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Michael T LaubReviewing Editor; Massachusetts Institute of Technology, United States
In the interests of transparency, eLife includes the editorial decision letter and accompanying author responses. A lightly edited version of the letter sent to the authors after peer review is shown, indicating the most substantive concerns; minor comments are not usually included.
Thank you for submitting your article "Gene network analysis identifies a central post-transcriptional regulator of cellular stress survival" for consideration by eLife. Your article has been reviewed by three peer reviewers, and the evaluation has been overseen by Michael Laub as the Reviewing Editor and Gisela Storz as the Senior Editor. The following individual involved in review of your submission has agreed to reveal his identity: Kai Papenfort.
The reviewers have discussed the reviews with one another and the Reviewing Editor has drafted this decision to help you prepare a revised submission.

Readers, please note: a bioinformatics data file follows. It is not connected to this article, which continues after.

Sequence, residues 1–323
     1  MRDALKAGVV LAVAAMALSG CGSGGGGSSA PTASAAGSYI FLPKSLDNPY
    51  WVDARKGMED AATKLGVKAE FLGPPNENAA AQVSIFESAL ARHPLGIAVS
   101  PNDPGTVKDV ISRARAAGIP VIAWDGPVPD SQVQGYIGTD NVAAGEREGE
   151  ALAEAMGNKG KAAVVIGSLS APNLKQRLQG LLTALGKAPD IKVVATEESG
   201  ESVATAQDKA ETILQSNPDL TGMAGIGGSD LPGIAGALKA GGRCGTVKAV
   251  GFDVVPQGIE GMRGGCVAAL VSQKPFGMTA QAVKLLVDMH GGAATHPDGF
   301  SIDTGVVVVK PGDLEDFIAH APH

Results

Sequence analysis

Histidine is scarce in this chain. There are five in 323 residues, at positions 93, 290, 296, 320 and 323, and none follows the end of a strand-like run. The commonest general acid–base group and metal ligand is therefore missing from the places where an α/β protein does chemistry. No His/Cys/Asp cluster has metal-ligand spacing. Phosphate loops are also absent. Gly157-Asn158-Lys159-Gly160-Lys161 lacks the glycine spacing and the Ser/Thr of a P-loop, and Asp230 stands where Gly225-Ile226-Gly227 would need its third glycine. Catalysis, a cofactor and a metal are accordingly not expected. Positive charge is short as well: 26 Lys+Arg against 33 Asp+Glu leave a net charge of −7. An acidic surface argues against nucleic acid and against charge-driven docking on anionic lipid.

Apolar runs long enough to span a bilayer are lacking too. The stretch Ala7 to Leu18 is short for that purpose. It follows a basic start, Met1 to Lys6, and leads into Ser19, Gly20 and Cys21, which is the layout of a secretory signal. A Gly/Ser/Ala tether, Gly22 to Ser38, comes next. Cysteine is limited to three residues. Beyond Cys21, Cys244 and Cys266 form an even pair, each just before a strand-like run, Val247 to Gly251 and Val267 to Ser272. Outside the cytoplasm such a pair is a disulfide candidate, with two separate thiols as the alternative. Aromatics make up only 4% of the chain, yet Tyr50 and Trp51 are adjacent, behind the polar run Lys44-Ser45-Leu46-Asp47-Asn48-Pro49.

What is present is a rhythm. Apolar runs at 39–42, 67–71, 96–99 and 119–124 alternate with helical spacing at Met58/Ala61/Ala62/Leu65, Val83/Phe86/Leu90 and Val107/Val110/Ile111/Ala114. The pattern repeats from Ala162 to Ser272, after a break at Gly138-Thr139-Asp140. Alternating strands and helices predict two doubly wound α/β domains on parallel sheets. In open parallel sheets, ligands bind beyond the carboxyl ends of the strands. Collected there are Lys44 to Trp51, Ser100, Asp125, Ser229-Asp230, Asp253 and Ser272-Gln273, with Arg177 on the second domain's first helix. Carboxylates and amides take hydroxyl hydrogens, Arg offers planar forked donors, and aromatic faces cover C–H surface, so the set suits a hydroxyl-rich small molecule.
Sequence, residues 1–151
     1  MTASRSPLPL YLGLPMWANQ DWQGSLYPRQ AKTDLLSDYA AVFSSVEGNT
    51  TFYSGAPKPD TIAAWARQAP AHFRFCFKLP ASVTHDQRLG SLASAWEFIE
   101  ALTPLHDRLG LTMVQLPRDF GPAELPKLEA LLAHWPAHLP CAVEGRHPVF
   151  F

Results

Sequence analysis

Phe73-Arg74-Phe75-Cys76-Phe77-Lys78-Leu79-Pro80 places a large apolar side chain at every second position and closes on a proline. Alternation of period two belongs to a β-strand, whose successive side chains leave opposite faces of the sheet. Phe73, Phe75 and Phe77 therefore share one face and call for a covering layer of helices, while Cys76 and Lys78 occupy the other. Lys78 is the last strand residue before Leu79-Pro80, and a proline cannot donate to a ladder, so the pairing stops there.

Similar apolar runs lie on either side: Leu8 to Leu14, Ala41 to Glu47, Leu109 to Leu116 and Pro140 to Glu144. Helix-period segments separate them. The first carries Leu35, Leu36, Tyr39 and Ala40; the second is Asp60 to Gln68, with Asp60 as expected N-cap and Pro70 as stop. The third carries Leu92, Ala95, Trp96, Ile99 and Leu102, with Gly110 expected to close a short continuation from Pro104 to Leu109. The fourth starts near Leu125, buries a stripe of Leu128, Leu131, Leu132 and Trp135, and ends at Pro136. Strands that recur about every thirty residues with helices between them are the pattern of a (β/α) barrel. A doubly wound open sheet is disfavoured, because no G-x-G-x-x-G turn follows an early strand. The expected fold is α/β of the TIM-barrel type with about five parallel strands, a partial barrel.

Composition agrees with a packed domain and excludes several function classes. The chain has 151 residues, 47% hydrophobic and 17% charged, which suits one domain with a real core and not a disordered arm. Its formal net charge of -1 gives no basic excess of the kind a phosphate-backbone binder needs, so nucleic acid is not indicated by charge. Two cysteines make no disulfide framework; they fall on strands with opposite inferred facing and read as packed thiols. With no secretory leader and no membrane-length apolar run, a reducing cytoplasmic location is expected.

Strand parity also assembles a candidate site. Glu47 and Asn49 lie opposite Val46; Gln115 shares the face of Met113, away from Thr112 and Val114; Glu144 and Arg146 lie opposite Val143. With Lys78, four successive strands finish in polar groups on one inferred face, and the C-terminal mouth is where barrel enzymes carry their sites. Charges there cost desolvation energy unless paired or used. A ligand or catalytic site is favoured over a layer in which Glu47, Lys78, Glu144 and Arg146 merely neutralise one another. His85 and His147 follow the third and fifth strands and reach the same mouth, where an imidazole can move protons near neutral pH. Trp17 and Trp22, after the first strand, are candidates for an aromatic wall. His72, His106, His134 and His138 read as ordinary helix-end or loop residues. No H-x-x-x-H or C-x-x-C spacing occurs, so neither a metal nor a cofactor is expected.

In this manuscript, Tien et al., identified and characterized a new small regulatory (sRNA), called GsrN, in Caulobacter crescentus. Transcription of the gsrN gene is activated by the alternative σ factor, σ T, and GsrN is required for resistance against hydrogen peroxide and under hyperosmotic stress. In the cell, the GsrN sRNA accumulates in two isoforms: an unstable full-length variant and a stable 5' element, which is sufficient for hydrogen peroxide stress survival. Evidence is provided that generation of the stable 5' variant of the sRNA might require an endonucleolytic cleavage event (though see comments below). Using a 'pull-down' approach, the authors discover the katG mRNA as a direct interaction partner of GsrN and identify a base-pairing sequence involving five consecutive G-C base-pairs. GsrN increases KatG expression under regular as well as stress conditions, and this regulation might also be relevant in other stress settings. Overall, the article was well written, and the conclusions well supported by the data. The reviewers were particularly excited about the magnitude of the phenotype as few sRNAs in bacteria have strong null phenotypes. Although generally enthusiastic, the reviewers identified several issues that would need to be addressed in a revised manuscript